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United and American Make Opposite Fleet Moves

In the last few days, both United and American have made domestic fleet moves. United announced it would likely cancel its outstanding order for planes while American stepped up its order. Why are the two airlines announcing such different plans?

For United, it's a tough decision. The airline has decided to just completely retire 1/3 of its domestic narrowbody fleet; all the 737s it owns. That leaves the 757s for longer and denser missions and the Airbus narrowbodies for everything else that isn't to be flown by United Express. The Airbus aircraft are relatively new and don't need replacing anytime soon. The decision to shrink the fleet so drastically means that there isn't really much need for the 42 Airbus narrowbodies that it's supposed to take. Seems like a good move, so why is this a hard decision?

Canceling this deal means forfeiting a $91 million deposit. Yeah, that complicates things a bit. But that money is already out the door, so they've decided to ignore sunk costs (rightfully so, I'd say), and just walk away. I'm sure there will be some negotiating to ensure that Airbus stays in their good graces for future orders, so we'll see what the final number looks like. The point is, their narrowbody fleet is new enough that they don't need a replacement now. Instead, they'll wait until Boeing and Airbus come out with next generation aircraft in 10 years or so, I'd bet.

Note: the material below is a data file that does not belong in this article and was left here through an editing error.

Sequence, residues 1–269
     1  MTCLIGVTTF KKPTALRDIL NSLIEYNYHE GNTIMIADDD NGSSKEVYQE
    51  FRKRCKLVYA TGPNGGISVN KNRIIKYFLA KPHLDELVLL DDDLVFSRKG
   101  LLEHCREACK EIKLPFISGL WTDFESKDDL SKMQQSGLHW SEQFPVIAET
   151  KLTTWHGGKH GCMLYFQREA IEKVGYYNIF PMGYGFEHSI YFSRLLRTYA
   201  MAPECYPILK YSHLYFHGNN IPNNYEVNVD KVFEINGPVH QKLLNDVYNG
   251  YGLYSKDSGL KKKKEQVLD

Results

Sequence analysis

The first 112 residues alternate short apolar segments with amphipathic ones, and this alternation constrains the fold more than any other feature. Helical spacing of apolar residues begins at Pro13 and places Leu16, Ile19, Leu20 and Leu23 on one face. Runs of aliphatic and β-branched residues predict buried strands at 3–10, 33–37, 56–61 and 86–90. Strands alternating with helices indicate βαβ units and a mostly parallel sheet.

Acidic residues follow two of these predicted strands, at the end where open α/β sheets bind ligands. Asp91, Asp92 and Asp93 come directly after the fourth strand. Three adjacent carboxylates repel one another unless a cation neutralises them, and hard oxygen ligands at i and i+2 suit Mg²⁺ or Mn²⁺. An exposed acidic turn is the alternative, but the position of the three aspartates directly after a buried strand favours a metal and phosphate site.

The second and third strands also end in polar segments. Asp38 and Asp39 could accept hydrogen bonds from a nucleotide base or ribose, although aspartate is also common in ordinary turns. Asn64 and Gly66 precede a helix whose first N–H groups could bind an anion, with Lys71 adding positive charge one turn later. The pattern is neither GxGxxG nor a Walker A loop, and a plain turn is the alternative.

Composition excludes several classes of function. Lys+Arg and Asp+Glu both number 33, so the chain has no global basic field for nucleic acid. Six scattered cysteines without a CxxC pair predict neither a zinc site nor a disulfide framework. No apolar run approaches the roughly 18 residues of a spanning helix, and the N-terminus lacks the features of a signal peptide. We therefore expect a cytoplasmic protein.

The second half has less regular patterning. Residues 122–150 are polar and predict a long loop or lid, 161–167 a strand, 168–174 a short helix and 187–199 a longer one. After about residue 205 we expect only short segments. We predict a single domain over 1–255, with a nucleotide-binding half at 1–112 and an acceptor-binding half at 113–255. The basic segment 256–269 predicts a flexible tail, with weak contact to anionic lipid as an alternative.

Meanwhile, American has a very different story. Sure, they have 75+ new 737s, but they also have nearly 300 MD-80s. Those fuel-gulpers make up well over half the narrowbody fleet, and with the cost of fuel where it is, they are pretty expensive to operate. So, American has decided to speed up its 737 deliveries from Boeing.

See, American can't just retire more than half its narrowbody fleet (even United wouldn't try that one), so it does need more aircraft to bring them up to where they need to be capacity-wise. This announcement was for an additional six 737s to be delivered in the next couple of years. By the end of 2010, American will have effectively doubled its 737 fleet size. The planes may be more expensive, but if fuel stays where it is, American is apparently realizing that the cost of new aircraft makes it a worthwhile investment.

I'm sure American would rather be in United's position in this instance. I mean, if you can avoid spending money right now on aircraft that are likely to be surpassed within 10 years, you would do it. Instead, American will have plenty of newer aircraft that won't need replacement for 20+ years. United, however, can just wait until the next cycle of new planes comes out and start replacing them as their old aircraft reach the end of their life cycle.